The popularity of the “Joker Stairs” highlights the problem with movie tourism

Not as easy as the Joker made it look.
Not as easy as the Joker made it look.
Image: AP Photo/Bebeto Matthews
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New York’s newest tourist attraction isn’t a museum, park, or art installation.

It’s a stairway.

Sandwiched between apartment buildings in the Bronx, it’s been dubbed by moviegoers the “Joker Stairs,” earning its name and fame after being featured prominently in Joker. Since the film’s release, fans have flocked to the stairs, where they’ve been posing for photos–much to the annoyance of some local residents–and uploading them to social media.

As I’ve learned from studying film-related tourism, it’s common for people to visit the places they see in their favorite movies and TV shows. But the relationships among tourist sites, visitors, and locals aren’t always the same, and some destinations are more benign than others.

A place appears on screen—and is transformed

The Joker Stairs are the site of one of the movie’s most memorable scenes: when Arthur Fleck, played by Joaquin Phoenix, embraces his murderous Joker identity and blithely dances down a long stairway near his apartment.

The film cues viewers to the significance of the moment. Peppy music eclipses the sounds of the city. Slow-motion shots allow viewers and Fleck to linger. The scene appears on movie posters and in other publicity materials.

When fans learned that the iconic scene was filmed on location at the outdoor staircase connecting Shakespeare and Anderson Avenues in the Bronx, they started traveling to the site. Some wore costumes. Some played music from the film’s soundtrack. Others simply brought their cameras. Images tagged #JokerStairs started appearing on Instagram, introducing the visually striking site to even more people, who then wanted to see it for themselves.

It’s not unusual for people to visit sites they know from movies, TV shows, books, or memes. Tourists strike their “American Gothic” pose in front of the Eldon, Iowa, house from Grant Wood’s famous painting. So many people flocked to the shore of Thailand’s Maya Bay after watching The Beach that the site became overcrowded and polluted. In Northern Ireland, official tours showcase places that appear in Game of Thrones, and South Korea’s tourism board highlights sites from popular dramas.

Tourists who visit these attractions view them through what scholars call a “mediatized gaze”–a way of seeing a place that’s been influenced by its depiction in some form of media. The mediatized gaze can change an otherwise unremarkable site into a must-see destination. It can make locals, not just visitors, think differently about a place.

One of the most famous examples of this phenomenon involves another set of stairs. In 1976, Rocky sparked a fan practice that turned the steps of the Philadelphia Museum of Art into a landmark now known as “the Rocky Steps.”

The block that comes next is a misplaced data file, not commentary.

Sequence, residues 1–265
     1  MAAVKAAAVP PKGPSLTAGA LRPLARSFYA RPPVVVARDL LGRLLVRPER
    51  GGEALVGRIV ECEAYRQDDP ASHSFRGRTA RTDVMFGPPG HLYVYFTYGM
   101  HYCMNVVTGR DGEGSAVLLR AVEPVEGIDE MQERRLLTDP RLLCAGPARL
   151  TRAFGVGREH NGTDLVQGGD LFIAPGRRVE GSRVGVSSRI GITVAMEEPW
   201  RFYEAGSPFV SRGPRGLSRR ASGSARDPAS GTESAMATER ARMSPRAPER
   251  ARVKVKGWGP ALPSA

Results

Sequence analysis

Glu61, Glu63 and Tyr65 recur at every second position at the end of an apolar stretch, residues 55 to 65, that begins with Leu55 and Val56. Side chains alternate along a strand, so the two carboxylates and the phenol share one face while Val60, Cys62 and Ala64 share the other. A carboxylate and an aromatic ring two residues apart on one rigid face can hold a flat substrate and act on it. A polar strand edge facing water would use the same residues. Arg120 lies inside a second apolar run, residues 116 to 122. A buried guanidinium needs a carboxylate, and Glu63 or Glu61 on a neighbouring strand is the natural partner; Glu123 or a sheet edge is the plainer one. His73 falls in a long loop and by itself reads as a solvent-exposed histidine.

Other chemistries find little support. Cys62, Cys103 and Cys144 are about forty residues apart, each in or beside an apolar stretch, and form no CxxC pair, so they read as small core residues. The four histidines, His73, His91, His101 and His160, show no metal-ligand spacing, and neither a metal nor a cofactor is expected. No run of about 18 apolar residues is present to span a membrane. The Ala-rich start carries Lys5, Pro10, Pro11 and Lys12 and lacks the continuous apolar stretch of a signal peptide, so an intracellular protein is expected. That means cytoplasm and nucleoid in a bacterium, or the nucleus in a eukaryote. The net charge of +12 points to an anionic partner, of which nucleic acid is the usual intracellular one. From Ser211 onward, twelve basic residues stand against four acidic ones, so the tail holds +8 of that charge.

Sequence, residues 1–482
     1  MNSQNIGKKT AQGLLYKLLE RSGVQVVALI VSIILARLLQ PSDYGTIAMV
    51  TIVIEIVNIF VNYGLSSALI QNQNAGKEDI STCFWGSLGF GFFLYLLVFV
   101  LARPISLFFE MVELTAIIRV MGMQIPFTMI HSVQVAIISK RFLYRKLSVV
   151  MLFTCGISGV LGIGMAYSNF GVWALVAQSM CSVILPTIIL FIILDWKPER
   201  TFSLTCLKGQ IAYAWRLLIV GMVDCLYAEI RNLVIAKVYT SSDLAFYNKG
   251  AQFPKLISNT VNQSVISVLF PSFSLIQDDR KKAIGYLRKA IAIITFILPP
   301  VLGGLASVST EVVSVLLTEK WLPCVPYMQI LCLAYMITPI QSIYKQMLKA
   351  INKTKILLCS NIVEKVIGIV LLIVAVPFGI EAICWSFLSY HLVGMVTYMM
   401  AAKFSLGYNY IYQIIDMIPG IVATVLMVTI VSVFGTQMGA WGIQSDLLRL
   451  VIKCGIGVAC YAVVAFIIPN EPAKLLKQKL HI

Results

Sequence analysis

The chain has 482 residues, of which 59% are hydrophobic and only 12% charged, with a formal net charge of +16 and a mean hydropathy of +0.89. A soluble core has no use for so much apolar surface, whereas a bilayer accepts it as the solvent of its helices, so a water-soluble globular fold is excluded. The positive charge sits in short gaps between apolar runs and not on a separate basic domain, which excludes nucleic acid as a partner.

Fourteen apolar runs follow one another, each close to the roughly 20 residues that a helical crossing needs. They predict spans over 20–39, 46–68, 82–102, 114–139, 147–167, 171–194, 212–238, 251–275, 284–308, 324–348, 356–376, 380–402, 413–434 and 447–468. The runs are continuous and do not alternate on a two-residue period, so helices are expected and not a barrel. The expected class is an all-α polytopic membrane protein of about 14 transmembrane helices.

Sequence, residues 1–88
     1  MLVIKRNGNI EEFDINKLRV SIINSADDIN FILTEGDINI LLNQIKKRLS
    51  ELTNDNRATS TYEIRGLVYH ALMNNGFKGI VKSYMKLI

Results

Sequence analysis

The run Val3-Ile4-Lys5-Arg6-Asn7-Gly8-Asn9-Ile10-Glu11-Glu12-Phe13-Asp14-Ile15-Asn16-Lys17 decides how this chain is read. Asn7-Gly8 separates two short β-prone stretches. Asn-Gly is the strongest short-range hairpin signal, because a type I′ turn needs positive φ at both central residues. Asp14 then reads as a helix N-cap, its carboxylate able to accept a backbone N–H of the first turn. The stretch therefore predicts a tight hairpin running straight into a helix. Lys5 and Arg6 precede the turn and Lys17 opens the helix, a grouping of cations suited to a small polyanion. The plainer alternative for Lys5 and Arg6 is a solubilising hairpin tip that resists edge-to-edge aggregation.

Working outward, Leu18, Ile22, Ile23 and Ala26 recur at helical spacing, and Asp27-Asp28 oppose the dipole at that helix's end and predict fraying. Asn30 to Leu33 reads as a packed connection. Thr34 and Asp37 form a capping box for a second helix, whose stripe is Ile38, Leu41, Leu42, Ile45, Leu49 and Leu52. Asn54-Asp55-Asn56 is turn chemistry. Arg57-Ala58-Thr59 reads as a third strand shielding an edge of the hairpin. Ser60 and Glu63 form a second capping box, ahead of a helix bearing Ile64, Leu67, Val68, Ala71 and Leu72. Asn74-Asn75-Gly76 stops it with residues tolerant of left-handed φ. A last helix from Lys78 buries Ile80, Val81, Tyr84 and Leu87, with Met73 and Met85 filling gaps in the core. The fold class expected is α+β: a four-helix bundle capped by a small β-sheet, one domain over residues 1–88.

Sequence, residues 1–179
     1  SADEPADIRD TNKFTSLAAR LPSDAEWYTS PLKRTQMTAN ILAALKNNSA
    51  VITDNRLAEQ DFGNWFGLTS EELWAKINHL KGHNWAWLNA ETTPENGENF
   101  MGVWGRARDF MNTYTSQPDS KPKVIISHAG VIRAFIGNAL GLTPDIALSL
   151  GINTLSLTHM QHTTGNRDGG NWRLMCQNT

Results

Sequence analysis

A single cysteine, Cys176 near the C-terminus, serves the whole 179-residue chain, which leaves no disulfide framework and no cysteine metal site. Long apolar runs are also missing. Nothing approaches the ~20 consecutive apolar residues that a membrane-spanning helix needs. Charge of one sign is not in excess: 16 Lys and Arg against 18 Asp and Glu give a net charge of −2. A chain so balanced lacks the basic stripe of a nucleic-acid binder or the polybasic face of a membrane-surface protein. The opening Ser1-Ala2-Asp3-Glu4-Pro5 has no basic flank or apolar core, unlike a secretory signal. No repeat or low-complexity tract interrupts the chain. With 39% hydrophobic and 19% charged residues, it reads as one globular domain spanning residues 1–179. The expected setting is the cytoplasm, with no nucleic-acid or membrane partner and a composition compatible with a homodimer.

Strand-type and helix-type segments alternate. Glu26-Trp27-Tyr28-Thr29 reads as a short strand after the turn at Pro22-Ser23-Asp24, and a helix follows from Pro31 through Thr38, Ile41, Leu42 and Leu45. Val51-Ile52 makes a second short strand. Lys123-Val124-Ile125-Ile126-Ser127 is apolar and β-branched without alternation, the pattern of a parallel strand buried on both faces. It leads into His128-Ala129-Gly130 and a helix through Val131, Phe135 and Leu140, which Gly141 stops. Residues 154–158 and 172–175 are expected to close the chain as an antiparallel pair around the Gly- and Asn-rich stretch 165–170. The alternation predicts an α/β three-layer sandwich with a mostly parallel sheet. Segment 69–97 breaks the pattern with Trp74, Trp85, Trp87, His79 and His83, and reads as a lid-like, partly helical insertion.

One set of stairs isn’t like the other

Beyond the fact that they’re both outdoor stairways that have become tourist destinations, the Rocky Steps and the Joker Stairs are more deeply intertwined.

The film’s director, Todd Phillips, has acknowledged that Joker pays homage to many movies from the 1970s and early 1980s. Its scenes, stylistic features, and characters include nods to films such as Taxi Driver, Network, and The King of Comedy.

Few critics, however, have made the connection to Rocky.

Each film tells the story of a down-and-out guy who, over the course of the movie, gradually finds his confidence. And each film uses an architecturally striking set of stairs to symbolize the protagonist’s development.

Rocky, the boxer played by Sylvester Stallone, initially struggles to run up the art museum steps; he’s out of shape and daunted by the prospect of training for the biggest boxing match of his life. Only after building up his physical strength and self-esteem does he bound up the steps, pump his fists, and soak in the view of the Philadelphia skyline.

In early scenes of Joker, Phoenix’s Arthur Fleck trudges up the long flight of stairs–a routine that underscores his sad existence. When he emerges as Joker, however, he navigates the stairs with eerie aplomb.

At the turning point in Rocky, though, Rocky ascends the stairs; Fleck, on the other hand, descends. For one character, it represents his heroic potential. For the other, it symbolizes his descent into infamy.

The Rocky Steps and the Joker Stairs are different in another important way. The Rocky Steps lead to the Philadelphia Museum of Art, a space designed for crowds and tourists and imbued with cultural power. The Joker Stairs are located in a more residential neighborhood that is poorer than other parts of the city.

In the film and through tourism, the Rocky Steps bring people into a space of privilege. They represent success and accomplishment, both for the fans who spring up the stairs and for a city that has benefited from their pop culture fame.

At the Joker Stairs, however, it’s the people with privilege who are more likely to descend on the neighborhood and its newly famous steps. They see and treat the site differently than locals who know the stairs as part of their commute, the place they used to skateboard, or where their parents told them not to walk after dark.

These differences contribute to the tension surrounding the Joker Stairs. While a tourist might be excited about the adventure of tapping into a piece of popular culture, a local might be wary about the attention from outsiders.

To truly understand what’s happening at the Joker Stairs, it’s important to think about the role they play–both in the film and in real life.

This article is republished from The Conversation under a Creative Commons license. Read the original article.